Sainte-Adresse may have been the capital of Belgium during the First World War, but more recently - since 1997 - it has become the capital of all types of jazz for the Pentecost weekend. It has become a resounding success. But 15 years ago, only a few enthusiasts headed up by Martine Lajarige and Jean-Paul Bravard (adopted Sainte-Adresse inhabitant) believed it was possible.
The original objective was to liven up the coastline and convert it into a score, with the waves forming a musical stave entirely dedicated to jazz music.
The baby’s first steps were timid - no sound systems, groups playing in bars, and six hard-working volunteers working countless hours. At the time there was a contest. The tendency was for “classical and traditional” jazz. Ten groups were selected and played before a prestigious jury: Marc Laferrière, Daniel Huck, Philippe Adler and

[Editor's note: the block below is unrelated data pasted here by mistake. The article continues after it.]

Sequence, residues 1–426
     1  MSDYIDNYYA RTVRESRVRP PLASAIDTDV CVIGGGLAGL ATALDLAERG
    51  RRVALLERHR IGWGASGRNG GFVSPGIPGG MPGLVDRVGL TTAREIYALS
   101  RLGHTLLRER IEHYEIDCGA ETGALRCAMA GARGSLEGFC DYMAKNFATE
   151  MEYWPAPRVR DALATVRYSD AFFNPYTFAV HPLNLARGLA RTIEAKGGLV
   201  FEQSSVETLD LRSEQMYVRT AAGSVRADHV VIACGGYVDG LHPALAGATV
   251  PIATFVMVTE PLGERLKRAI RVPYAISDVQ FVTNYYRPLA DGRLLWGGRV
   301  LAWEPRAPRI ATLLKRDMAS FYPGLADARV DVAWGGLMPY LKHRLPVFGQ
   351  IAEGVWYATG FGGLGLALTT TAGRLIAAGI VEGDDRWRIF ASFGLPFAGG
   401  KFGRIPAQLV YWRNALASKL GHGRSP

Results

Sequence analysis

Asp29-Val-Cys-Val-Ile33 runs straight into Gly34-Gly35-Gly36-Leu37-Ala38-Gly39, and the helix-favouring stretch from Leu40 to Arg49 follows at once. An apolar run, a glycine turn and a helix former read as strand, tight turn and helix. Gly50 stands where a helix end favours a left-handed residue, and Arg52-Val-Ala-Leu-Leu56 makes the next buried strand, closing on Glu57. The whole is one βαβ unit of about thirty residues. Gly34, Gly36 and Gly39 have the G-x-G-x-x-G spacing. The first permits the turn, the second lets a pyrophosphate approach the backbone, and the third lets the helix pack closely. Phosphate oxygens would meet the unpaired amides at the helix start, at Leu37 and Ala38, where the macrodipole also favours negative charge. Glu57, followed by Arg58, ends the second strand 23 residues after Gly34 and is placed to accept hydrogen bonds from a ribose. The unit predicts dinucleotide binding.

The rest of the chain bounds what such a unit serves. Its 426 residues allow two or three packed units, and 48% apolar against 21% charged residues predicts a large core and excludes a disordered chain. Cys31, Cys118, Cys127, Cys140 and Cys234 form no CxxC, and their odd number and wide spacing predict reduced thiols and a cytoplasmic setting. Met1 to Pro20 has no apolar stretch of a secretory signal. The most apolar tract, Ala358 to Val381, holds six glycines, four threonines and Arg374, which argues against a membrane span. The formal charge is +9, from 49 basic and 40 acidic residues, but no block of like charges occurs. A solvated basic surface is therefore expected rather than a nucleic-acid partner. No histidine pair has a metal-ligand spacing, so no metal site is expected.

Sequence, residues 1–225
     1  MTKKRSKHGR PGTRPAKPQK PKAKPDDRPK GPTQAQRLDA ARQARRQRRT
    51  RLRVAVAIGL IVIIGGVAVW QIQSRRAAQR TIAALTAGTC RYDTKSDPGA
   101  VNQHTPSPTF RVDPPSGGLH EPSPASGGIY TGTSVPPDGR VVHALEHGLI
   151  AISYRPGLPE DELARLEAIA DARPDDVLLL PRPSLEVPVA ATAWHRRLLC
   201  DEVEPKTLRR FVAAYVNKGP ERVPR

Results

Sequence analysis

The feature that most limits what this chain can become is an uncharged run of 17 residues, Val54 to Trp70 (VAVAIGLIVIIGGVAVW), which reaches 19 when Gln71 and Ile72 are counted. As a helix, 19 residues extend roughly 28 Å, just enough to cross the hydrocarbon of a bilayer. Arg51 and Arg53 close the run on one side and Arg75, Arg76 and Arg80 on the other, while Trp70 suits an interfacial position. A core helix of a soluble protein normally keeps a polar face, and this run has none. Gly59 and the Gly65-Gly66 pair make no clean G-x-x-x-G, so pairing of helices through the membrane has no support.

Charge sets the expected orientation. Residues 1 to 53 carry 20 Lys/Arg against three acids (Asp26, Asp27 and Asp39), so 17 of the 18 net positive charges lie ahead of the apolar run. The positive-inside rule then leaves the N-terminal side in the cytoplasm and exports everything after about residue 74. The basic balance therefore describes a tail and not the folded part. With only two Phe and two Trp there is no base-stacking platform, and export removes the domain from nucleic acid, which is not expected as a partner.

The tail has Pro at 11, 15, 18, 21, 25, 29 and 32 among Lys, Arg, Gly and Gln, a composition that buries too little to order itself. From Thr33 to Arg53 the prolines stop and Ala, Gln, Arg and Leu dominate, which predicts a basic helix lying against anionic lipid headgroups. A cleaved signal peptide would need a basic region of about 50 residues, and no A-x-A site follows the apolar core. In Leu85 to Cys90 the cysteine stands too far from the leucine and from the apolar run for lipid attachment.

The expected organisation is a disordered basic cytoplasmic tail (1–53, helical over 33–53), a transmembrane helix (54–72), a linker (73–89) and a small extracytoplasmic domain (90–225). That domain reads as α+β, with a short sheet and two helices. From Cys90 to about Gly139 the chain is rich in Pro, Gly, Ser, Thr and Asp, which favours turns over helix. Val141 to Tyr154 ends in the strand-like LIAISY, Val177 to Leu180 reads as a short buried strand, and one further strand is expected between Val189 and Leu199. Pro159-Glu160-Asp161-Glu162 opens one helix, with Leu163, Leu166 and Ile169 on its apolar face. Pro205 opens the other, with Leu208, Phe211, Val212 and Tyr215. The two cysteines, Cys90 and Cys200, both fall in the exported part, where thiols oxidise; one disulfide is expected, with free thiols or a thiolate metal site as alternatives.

Bob Quibel, originally from Le Havre and travelling companion to the famous and unforgettable Claude Bolling! “Sainte-Adresse Dixie Days”, as the festival is called, was on the right track. Two years later the City of Le Havre joined the event, contributing logistic and financial support. As a result, the Dixie Days gathered momentum with four stages facing the sea. Just like the miracle of the multiplication of the loaves and fish, suddenly the number of volunteers went from six to thirty, and the number of concerts - free in most cases - reached forty.
The growing baby decided to widen its horizons, stopped the contest and chose to change the rhythm, opening up to other styles. As a result, Martine Lajarige and Jean-Paul Bravard, the souls of the festival, received prestigious groups capable of turning many organisers green with envy, including headliners such as: Rhoda Scott, Irakli, les Gigolos, Marc Fosset, Lionel and Stéphane Belmondo, Marc Leferrière, Pierrick Pedron, Daniel Huck, Christophe Dal Sasso, Tchavolo Schmitt, Bob Mintzer, Angelo Debarre…
You can’t do better than that!